Recognized worldwide as a pianist of virtuosity and poetic poise, Imogen Cooper has established a reputation as one of the finest interpreters of the classical repertoire. During the 2014/15 season she will perform the Ravel G major Concerto with the Netherlands Radio Philharmonic Orchestra at the Concertgebouw in Amsterdam, Beethoven Piano Concerto No 2 with the Philadelphia Orchestra (play/direct) and Music of the Baroque in Chicago and Mozart with the Seattle Symphony (play/direct). Towards the end of the season Imogen will travel to the Far East, to play solo recitals in Hong Kong, Seoul and Singapore.

Last season, Imogen performed with the London Symphony Orchestra and also made her debut with the Cleveland Orchestra. She played many solo recitals in the USA, UK and the Netherlands and an extensive tour to Australia. Following a performance of the Ravel G major concerto in 2012, Imogen played twice at the BBC Proms during 2013, in a Britten chamber concert and a Schubert Recital at the Royal Albert Hall; a solo sonata and the Grand Duo with Paul Lewis.

Imogen Cooper has a widespread international career and has appeared with the New York Philharmonic, Vienna Philharmonic, Royal Concertgebouw, Leipzig Gewandhaus, Budapest Festival and NHK Symphony Orchestras. She has also undertaken tours with the Camerata Salzburg, Australian and Orpheus Chamber Orchestras. Imogen Cooper has played with all the major British orchestras and has particularly close relationships with the Royal Northern Sinfonia and Britten Sinfonia, play/directing. Her recital appearances have included New York, Tokyo, Paris, Vienna, Prague, London and the Schubertiade in Schwarzenberg.

As a supporter of new music, Imogen Cooper has premiered two works at the Cheltenham International Festival; Traced Overhead by Thomas Adès (1996) and Decorated Skin by Deirdre Gribbin (2003). In 1996, she also collaborated with members of the Berliner Philharmoniker in the premiere of the quintet, Voices for Angels, written by the ensemble’s viola player, Brett Dean.

Imogen Cooper is a committed chamber musician and performs regularly with the Belcea Quartet and cellist Sonia Wieder-Atherton. As a Lieder recitalist, she has had a long collaboration with Wolfgang Holzmair in both the concert hall and recording studio. Her discography also includes Mozart Concertos with the Royal Northern Sinfonia (Avie), a solo recital at the Wigmore Hall (Wigmore Live) and a cycle of solo works by Schubert recorded live and released under the label ‘Schubert Live’. Her first recording for Chandos Records features music by Brahms and Schumann.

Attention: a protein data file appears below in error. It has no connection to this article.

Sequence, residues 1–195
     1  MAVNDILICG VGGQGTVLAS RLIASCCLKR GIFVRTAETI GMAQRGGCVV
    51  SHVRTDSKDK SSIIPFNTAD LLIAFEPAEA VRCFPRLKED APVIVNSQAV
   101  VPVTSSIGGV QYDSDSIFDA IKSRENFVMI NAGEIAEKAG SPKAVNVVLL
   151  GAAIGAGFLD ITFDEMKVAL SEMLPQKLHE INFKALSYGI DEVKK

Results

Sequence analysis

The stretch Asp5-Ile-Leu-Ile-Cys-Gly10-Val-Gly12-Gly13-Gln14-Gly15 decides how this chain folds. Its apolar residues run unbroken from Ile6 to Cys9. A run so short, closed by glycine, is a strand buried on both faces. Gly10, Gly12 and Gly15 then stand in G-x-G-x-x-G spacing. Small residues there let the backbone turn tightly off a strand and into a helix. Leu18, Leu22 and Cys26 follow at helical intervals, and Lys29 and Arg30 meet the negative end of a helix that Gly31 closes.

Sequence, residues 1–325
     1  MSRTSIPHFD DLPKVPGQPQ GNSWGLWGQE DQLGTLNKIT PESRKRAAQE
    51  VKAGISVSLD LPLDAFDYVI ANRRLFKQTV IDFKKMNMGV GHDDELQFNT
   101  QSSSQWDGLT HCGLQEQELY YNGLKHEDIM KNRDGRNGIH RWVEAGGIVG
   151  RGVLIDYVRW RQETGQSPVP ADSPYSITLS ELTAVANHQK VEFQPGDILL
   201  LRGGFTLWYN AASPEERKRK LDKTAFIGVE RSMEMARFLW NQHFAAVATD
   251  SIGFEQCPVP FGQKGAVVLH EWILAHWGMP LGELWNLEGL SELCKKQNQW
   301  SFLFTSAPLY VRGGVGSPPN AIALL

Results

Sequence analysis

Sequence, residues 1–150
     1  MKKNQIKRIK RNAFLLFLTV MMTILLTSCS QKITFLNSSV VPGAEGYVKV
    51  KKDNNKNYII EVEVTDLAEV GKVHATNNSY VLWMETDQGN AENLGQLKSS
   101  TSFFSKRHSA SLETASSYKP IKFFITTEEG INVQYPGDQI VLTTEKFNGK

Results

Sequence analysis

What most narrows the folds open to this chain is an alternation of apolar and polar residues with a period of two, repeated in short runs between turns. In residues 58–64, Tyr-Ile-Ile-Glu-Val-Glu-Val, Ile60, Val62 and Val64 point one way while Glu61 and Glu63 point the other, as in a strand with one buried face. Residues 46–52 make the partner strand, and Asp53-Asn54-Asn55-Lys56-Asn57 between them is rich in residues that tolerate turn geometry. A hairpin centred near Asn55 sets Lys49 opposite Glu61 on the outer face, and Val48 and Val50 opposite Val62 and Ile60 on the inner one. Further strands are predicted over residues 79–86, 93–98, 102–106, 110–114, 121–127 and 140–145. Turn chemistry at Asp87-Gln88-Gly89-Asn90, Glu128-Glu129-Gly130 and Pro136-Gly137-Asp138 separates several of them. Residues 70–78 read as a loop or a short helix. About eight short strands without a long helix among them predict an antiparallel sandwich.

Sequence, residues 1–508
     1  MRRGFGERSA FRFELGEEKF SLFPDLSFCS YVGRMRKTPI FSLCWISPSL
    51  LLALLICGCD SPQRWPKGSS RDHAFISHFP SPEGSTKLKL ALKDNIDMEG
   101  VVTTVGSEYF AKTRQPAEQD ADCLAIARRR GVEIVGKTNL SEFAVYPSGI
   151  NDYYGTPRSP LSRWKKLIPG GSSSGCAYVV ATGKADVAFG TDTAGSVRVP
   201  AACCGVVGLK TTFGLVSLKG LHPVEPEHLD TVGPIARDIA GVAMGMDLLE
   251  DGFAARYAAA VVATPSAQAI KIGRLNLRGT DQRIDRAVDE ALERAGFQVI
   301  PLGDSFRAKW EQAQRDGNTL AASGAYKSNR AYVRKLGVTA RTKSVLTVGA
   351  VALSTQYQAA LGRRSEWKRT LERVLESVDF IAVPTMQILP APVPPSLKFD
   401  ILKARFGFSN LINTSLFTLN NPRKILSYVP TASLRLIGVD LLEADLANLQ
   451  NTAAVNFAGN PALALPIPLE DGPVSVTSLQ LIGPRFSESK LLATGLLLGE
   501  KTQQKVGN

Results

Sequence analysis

Imogen Cooper received a CBE in the Queen’s New Year Honours in 2007 and was the recipient of an award from the Royal Philharmonic Society the following year. In 1997 she was awarded an Honorary Membership of the Royal Academy of Music and in 1999 she was made a Doctor of Music at Exeter University. Imogen Cooper was the Humanitas Visiting Professor in Classical Music and Music Education at the University of Oxford for 2012-13.

  • Imogen Cooper live at St Judes on the Hill, 2008
    Imogen Cooper live at St-Jude-on-the-Hill, 2008
    photo by Michael Eleftheriades
  • Masterclass with Alexandra Dariescu at Valloires Festival, 2007
    Masterclass with Alexandra Dariescu at Valloires Festival, 2007
    photo by
    Francoise Clerc
  • Alfred Brendel, Imogen Cooper, Volker Straus, Neville Marriner, Mike Oldham 1977
    Alfred Brendel, Imogen Cooper, Volker Straus, Neville Marriner, Mike Oldham at playback of Mozart Double Concerto with Academy of St Martin in the Fields, 1977
    photo by
    Mike Evans
  • Recording sessions, London, 1988
    Recording sessions
    London, 1988
    photo by
    John Batten
  • Imogen Cooper live in Toyko
    Imogen Cooper live in Tokyo
    photo by
    Shinji Takehara
  • Imogen Cooper portrait
    Imogen Cooper
    photo by
    John Batten
  • Imogen Cooper silent
    Imogen Cooper
    photo by
    John Batten
  • Imogen Cooper as child
    Imogen Cooper…
    no comment

She is an outstanding artist, one of the finest pianists now playing. Go, listen, and wonder how many better pianists there are alive in this country, or anywhere.
Daily Telegraph